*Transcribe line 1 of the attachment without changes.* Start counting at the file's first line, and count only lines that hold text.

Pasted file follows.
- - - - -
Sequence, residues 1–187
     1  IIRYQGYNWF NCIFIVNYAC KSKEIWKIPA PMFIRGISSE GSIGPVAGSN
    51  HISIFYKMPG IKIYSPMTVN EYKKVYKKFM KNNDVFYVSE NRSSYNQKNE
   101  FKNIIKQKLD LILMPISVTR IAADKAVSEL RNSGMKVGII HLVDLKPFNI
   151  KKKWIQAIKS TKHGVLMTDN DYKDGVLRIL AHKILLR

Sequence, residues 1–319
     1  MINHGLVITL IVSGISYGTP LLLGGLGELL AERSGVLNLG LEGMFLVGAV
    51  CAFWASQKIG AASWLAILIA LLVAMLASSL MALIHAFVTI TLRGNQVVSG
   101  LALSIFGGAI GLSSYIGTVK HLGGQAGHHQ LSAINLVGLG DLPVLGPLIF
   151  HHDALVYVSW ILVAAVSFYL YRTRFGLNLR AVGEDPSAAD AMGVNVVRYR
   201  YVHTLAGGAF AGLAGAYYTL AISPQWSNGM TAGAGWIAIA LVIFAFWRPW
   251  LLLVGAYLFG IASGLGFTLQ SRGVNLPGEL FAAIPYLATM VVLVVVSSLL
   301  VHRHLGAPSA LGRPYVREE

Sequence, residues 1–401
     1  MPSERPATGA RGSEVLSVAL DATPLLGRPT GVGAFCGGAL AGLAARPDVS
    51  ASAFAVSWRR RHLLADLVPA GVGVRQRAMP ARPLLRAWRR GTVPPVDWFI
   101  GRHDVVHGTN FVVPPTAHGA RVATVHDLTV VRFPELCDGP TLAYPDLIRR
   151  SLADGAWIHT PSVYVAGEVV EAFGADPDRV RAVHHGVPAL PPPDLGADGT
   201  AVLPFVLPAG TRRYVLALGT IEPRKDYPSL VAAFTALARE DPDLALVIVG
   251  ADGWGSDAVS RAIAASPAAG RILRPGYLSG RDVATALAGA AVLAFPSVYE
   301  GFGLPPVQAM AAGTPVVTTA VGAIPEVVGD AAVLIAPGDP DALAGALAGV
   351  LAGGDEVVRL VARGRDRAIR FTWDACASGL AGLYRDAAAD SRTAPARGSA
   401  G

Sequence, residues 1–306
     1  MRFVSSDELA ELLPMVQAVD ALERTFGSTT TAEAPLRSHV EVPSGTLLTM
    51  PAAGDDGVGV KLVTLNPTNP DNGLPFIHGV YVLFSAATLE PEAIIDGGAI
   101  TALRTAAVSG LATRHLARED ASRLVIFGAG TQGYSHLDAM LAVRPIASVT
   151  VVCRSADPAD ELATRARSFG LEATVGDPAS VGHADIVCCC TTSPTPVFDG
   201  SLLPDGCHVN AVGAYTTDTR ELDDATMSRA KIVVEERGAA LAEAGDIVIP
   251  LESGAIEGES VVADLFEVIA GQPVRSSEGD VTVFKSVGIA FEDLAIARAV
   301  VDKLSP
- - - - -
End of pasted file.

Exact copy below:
Sequence, residues 1–187